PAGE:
Monday, January 23, 2012

BP 2: Putting History Into Practice

Finding ancient ideas in modern architecture turned out to be a much easier task then I had first anticipated. Around campus, I found numerous examples of circles, groups, and stacks. 


Circles were the most prominent design element I found around campus.  Circles were used to represent the sun and the moon as well as sacred spots.

This circle is located on College Ave.  Before the campus became as built up as it is now, it was the main pathway through campus.  All the circles located in the bricks on College Ave are at crossways, with the directions leading to important locations on campus.

This circle is located at the clock tower.  Not only is the clock tower sitting on a circle, but it is a circle itself which you can see from the shadow.  I found this symbolic because people look to the tower for direction, even if it is just how quickly to walk to class.  The clock tower is easily spotted and grabs one's attention.

These two circles are located in the EUC.  This is symbolic because the circle in this case represents the heart of campus. People come and gather in the EUC daily.  The circle is a focal point and represents going around while gathering.  The top circle is in the ceiling while the bottom one is in the floor.  You can find these same circles at the front and back entrance of the EUC.


Groups are seen like groves of trees, always reaching vertical, and represent groups of people.

This photograph is of the Alumni House.  This was the best example to me because there are many examples of groups all within this one photograph. The columns are the most prominent example, which are found in great numbers over campus.  You can also see groups in the railing.


Stacks are seen like mountains and expressed as gathering resources.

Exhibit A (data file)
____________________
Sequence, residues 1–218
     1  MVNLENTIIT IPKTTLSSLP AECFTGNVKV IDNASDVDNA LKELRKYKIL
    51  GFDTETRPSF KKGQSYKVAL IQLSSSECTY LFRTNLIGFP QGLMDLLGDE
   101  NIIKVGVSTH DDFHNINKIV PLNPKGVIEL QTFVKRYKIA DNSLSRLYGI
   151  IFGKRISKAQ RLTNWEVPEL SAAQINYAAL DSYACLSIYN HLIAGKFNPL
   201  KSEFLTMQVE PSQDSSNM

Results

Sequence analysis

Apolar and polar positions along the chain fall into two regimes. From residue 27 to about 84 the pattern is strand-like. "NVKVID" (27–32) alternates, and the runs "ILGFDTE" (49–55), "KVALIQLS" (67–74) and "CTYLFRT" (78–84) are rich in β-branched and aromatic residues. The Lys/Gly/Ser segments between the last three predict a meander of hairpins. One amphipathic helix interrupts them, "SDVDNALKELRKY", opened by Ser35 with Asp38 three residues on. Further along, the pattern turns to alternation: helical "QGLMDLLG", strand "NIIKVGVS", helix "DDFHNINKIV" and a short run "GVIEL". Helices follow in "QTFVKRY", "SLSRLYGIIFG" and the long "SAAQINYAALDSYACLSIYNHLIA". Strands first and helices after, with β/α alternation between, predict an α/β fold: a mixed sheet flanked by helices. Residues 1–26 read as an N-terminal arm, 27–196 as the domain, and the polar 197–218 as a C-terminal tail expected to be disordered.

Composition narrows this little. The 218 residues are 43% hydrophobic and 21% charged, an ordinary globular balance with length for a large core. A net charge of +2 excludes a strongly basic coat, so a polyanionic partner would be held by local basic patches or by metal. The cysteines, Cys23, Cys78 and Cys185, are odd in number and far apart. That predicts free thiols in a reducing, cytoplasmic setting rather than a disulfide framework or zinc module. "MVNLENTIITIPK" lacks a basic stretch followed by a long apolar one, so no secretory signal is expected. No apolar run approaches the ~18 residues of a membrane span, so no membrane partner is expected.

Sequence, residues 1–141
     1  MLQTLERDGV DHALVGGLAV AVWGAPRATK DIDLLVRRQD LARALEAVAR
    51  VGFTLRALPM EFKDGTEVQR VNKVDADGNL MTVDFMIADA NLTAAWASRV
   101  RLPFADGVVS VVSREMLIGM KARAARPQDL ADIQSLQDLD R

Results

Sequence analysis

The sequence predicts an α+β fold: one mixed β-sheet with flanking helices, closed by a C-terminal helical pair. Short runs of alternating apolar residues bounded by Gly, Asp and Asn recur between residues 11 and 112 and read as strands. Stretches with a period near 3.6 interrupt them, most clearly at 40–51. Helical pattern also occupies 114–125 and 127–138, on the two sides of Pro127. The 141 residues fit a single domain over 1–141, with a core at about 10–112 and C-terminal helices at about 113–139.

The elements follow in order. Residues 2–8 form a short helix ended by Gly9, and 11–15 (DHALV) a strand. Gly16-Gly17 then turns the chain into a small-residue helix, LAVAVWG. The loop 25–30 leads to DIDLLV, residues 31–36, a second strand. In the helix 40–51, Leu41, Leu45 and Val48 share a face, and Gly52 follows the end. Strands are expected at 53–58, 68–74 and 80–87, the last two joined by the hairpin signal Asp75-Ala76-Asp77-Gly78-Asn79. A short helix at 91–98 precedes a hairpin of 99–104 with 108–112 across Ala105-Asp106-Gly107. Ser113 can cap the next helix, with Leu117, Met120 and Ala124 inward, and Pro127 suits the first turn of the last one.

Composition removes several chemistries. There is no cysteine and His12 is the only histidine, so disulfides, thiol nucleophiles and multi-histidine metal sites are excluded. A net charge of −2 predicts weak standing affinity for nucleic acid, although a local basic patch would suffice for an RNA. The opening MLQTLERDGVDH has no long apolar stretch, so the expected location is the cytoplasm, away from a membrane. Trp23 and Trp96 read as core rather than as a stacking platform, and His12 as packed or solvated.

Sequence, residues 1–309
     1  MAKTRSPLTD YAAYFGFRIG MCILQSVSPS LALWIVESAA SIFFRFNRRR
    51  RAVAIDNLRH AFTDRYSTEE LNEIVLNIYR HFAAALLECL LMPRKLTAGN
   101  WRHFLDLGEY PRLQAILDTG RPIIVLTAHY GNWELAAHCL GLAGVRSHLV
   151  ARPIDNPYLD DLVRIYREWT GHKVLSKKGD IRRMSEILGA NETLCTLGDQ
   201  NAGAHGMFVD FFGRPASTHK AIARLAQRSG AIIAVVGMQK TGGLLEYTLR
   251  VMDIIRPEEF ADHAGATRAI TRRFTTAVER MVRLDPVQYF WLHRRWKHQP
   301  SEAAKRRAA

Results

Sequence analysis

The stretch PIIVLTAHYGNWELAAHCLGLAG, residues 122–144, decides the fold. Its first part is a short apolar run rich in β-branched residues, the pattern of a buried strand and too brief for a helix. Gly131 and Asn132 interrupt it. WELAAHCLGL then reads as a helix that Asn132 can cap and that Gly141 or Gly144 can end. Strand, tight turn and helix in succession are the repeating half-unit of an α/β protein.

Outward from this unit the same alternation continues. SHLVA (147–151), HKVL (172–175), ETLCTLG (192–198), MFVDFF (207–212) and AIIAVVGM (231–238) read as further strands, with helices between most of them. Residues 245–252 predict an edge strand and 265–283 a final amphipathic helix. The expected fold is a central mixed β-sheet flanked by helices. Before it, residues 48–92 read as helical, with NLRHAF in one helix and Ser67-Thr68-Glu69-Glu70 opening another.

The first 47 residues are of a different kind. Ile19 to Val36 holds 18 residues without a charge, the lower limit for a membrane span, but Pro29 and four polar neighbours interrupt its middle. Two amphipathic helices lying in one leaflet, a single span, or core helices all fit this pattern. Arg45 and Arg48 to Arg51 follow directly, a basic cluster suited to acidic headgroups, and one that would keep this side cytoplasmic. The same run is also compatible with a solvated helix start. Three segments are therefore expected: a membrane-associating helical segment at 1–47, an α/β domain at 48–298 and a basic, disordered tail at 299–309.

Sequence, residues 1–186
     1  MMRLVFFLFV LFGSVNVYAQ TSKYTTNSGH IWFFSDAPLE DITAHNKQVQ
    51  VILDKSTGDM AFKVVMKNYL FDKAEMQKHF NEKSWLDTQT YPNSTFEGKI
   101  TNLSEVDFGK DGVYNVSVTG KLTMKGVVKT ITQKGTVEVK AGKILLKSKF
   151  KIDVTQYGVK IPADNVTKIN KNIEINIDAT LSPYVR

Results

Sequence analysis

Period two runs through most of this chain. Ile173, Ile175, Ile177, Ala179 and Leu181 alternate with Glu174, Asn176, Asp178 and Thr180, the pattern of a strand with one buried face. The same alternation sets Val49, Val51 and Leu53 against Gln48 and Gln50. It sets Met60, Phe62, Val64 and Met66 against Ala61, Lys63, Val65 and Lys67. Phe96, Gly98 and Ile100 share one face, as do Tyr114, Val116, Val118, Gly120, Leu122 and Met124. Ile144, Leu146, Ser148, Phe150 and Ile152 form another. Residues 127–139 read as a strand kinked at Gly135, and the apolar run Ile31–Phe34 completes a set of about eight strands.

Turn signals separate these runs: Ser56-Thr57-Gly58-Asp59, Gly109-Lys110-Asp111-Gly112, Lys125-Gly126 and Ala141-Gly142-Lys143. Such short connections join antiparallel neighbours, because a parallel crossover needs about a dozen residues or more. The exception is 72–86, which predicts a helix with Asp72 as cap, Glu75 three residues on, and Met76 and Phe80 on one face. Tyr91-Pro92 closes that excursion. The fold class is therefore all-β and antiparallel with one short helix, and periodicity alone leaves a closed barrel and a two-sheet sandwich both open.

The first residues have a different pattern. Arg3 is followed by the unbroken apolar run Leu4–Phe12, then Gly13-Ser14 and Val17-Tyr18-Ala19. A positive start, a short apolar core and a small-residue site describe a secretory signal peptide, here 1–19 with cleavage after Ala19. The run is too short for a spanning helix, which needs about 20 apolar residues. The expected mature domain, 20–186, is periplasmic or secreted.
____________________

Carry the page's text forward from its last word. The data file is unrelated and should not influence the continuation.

This example of stacks is the library.  You can see stacks in the windows as well as in the siding.  Each level represents another floor.  I found this to be a great example because the library is a primary place for gathering resources.

This example of stacks is a residence hall.  The windows are stacked all evenly apart.  

The environment impacts rituals in a different way now then it did thousands of years ago, however it still plays a vital role.  Architects build for the current needs expressed in their communities.  I've realized that people generally just do as they've been taught instead of straying.  For example, if an architect built you a church, you wouldn't continue to worship outside.  You relate the structure to its purpose.  Just because you were built a church doesn't mean you would sleep in the church, you have a house for that.  I feel that environments influence rituals far greater then rituals influence environments.

1 comment:

  1. You point out really good ideas about how environment impacts rituals in todays world, as well as representing circles + groves + stacks throughout campus. However, it would help if you made more connections to what we have talked about in class and read about in the book,